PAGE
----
| Born 1905|
| Participation in Indian Freedom Movement|
October 26, 2010, Delhi, New Delhi
Krishan Kant, Lala Achint Ram, Shrimati Suman
Satyavati Devi Wikipedia
Satyavati Devi (1904 - 1945) was a participant in Indian independence movement. She was acclaimed as the Joan of Arc of India.
She was the granddaughter of Swami Shraddhanand, and the daughter of advocate Dhani Ram and Ved Kumari. She married an officer of the Delhi Cloth Mills.
Among nationalist women in Delhi, Satyavati took a leadership role. Aruna Asaf Ali credits Satyavati with motivating her to join the nationalist movement. Satyavati undertook social work among mill workers at textile mills in Gwalior and Delhi. She founded the Congress Mahila Samaj and Congress Desh Sevika Dal and she also co-founded the Congress Socialist Party. She took an active part in Civil disobedience movement. During civil disobedience movement she became the leader of the women wing of the congress in Delhi and led the movement. She organised the breaking of the Salt Law in Delhi where she and a group of volunteers manufactured and distributed packets of illegal salt to people gathered there. She was arrested by the police and was sentenced to two years imprisonment in 1932. While she was imprisoned in the jail she contracted pleurisy and tuberculosis. While at jail, despite being very ill, she refused to give a bond of good behaviour and assurance that she would desist from political activity, that could have secured her release and hope for treatment. She died in 1945, at the age of only 41 years due to tuberculosis.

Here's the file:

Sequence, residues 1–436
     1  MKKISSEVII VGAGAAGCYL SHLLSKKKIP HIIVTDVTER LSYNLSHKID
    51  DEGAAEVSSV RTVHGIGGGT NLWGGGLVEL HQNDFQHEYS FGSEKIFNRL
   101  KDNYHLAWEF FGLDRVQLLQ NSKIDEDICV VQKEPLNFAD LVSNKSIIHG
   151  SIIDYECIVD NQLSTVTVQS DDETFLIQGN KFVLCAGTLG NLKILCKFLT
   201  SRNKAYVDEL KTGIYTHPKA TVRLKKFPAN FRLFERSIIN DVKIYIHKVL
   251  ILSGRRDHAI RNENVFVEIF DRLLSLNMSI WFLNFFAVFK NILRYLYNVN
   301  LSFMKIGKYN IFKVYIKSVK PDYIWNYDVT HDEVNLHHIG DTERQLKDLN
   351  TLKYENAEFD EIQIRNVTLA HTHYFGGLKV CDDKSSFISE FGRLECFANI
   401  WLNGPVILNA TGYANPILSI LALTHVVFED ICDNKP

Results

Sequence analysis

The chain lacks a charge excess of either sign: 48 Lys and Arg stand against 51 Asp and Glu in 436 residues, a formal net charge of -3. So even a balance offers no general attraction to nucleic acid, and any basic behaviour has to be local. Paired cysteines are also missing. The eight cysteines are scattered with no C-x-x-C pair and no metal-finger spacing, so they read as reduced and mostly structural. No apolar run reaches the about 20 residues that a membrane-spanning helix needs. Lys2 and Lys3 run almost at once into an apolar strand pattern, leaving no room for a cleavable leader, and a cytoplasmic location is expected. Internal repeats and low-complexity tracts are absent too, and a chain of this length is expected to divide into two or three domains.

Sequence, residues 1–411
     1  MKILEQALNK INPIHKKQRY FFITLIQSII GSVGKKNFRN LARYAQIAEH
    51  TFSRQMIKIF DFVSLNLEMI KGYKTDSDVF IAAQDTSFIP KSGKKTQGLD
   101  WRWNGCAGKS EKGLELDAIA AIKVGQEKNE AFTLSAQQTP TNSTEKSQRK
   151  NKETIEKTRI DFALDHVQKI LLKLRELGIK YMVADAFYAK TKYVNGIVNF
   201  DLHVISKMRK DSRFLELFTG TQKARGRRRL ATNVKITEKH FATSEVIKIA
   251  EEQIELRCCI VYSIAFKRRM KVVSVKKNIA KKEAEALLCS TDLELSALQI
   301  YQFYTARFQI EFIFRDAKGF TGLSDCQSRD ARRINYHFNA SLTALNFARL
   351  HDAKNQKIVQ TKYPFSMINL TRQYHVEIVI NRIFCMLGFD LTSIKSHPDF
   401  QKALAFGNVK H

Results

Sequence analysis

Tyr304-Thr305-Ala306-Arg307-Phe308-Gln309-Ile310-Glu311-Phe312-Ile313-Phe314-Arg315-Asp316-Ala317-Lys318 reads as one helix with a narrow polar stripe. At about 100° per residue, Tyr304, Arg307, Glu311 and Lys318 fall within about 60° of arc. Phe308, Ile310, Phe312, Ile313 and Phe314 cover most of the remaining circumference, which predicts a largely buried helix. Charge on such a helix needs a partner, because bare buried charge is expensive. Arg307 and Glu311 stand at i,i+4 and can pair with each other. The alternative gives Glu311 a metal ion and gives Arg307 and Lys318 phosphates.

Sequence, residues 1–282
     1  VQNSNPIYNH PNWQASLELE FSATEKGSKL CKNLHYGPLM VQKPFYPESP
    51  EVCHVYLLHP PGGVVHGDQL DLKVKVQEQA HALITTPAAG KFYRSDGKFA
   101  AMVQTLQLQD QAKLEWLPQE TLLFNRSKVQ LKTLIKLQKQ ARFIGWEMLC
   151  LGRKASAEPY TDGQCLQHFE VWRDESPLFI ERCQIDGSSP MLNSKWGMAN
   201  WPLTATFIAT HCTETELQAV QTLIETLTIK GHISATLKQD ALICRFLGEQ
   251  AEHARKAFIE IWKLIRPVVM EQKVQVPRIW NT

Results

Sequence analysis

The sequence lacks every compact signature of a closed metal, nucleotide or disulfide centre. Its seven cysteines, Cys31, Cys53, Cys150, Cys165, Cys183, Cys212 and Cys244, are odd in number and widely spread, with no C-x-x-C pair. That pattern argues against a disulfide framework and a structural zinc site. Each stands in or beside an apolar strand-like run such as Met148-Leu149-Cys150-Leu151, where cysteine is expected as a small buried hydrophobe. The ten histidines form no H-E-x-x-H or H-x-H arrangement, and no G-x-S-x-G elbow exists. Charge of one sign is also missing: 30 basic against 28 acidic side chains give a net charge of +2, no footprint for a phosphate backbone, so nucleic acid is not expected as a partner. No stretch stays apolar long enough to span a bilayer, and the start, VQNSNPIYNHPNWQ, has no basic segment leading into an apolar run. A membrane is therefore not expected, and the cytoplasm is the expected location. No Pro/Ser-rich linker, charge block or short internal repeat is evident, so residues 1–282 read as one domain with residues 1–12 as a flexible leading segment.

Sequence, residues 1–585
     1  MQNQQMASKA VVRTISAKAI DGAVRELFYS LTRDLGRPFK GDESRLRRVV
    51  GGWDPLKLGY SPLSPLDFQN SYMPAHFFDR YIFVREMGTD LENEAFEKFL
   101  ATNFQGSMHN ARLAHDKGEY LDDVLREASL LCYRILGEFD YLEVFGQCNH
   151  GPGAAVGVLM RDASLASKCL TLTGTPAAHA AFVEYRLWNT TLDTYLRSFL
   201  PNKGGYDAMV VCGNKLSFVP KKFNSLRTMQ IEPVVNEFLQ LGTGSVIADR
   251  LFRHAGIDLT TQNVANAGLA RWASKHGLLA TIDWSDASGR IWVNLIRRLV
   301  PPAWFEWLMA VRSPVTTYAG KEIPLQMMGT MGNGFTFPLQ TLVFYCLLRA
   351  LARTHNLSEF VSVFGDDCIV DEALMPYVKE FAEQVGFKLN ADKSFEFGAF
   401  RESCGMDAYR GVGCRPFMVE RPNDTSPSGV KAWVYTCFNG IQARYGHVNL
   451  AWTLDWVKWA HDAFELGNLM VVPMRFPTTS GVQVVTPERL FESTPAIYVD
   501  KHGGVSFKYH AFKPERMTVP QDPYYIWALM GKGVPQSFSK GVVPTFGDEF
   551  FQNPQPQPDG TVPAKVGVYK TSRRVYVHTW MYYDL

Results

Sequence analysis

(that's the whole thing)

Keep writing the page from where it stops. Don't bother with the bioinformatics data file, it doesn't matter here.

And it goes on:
Jailed women political freedom fighters composed poems and nationalist tracts, which were smuggled out and published. One of the pieces written by Satyavati Devi, titled ‘Bahin Satyavati Ka Jail Sandesh’ (Sister Satyavati's prison message) goes as follows:
"This is a message from your jailed sister
Sister Satyavati appeals to you
Do not slacken from your work
Jump, if required, into the burning flames
The sacred battle should be full of strength
Once you have stepped forward, never retreat
Die before the men in the battlefield
Do not fear bullets or sticks
Put your head forward before the men
Once lit, the fire should never go out
I have full faith now
Because the women have prepared themselves" (copied verbatim from the referred article)
This and other writings and prison songs seemed to be aimed at motivating and mobilising women to enter India's Independence movement.
Although she is believed to be an unsung hero of India's freedom struggle, Satyawati College (Delhi University) established by the government of Delhi in 1972 is named after her.
A fiery freedom fighter, Mahatma Gandhi affectionately labeled her Toofani (like a whirlwhind/ tempestuous)Behan(sister).